Saturday, June 30, 2012

Bridal Garter from Heirloom Fabrics

My first nephew to get married is tying the knot next weekend in Milwaukee. I promised to make his bride a garter to wear, using some bits of crocheted lace and tatting my sister had collected from one (or more) of our grandmothers' sewing bags.

Now my style is usually "shabby chic", asymetrical, rough-edged and intentionally non-traditional. This bride is both dainty and traditional and I have no idea if she will like what I came up with.
It's not as collage-like as I would normally do, but it is also not as dainty as many bridal garters!
Fabrics used were:
  • cream bridal satin from Grandma Ruth Baumgarten's wedding dress (scraps remain from when it was deconstructed to make Laura Fisk Roose's wedding dress in, I don't ever throw fabric away, especially if it has history!)
  • Purple and black silk brocade with Chinese medallion pattern (purchased in Hawaii, 1976) in honor of Angela's time spent in China.
  • Plum polyester (from my stash - who knows what I bought it for? - hope it matches)
  • vintage handmade heirloom laces (see below)
  • 3 satin-covered buttons from Grandma Ruth's wedding dress 
Tatted lace - possibly made by Laura Baumgarten, sister in law of Great Grandma Minnie Baumgarten. This may have been found in her sewing box. We do know Grandma didn't do tatting but she may have been given pieces by one of her relatives.

 Crocheted lace - possibly made by Great Grandma Minnie Baumgarten.
Crocheted lace (pillowcase edging) - probably made by Great Grandma Laura Krumm.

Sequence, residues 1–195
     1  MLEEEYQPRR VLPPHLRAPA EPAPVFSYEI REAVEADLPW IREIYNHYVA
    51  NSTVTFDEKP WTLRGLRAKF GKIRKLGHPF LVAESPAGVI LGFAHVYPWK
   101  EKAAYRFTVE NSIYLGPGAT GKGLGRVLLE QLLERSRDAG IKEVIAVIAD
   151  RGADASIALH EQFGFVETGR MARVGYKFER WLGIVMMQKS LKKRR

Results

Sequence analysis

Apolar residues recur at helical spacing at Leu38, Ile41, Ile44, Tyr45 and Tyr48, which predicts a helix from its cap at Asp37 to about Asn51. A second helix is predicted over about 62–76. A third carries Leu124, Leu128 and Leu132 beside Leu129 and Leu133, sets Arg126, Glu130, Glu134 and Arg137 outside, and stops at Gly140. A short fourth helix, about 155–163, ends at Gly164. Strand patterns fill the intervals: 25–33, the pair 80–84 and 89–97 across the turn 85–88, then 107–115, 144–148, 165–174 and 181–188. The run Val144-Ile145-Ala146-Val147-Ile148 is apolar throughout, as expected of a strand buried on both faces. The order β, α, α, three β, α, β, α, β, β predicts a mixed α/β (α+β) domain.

Tatted lace medallions - possibly made by Laura Baumgarten, sister in law of Great Grandma Minnie Baumgarten.

So, we'll see if it matches - she does have another one already, that she can use to toss!

I'd wear it for a photo, but don't think it would help you. You'll have to imagine it on a young leg until after the wedding.

Tuesday, June 26, 2012

Family Favorite Footstool Tutorial

So, last week my mom visited and together we worked on a project: recreating a footstool made from reclaimed materials. This is a new one we made for my son's family.

My grandmother (and her sisters) made these stools in 1950s from 48oz juice cans, old socks, cardboard and old fabrics (sweatshirts, worn-out quilts, upholstery scraps and heavy cord).

 We deconstructed a worn one, used the pieces for patterns and recovered it, then made two more.
 (and YES, I totally saved the two pieces of worn-out hand-quilted quilt pieces that were inside!!!)
I'm not sure what this will be used for, but it's a precious scrap of the past. How old and ragged must the quilt have been for Grandma Krumm to cut it up for padding inside a footstool? How many people slept under it's warmth before that? Who hand-stitched the pieces together? (It was quilted by machine - with simple parallel rows - nothing fancy, but very even, tiny stitches.) Just how old is it?

According to the Singer website, the sewing machine was invented in 1851 and serial numbers started being issued in 1871. Grandma was married in the 19-teens so by 1955, quilts she made early in her marriage could easily have been worn out. And I know she went to some type of sewing school for a while, so she may have gotten her sewing machine in the early 1900s. (That's another topic - I have a notebook she used, with drawings of pattern pieces, instructions, and class notes.)

I hope to put together a tutorial for making this little beauties....which I'll post here. Leave a comment if you are interested.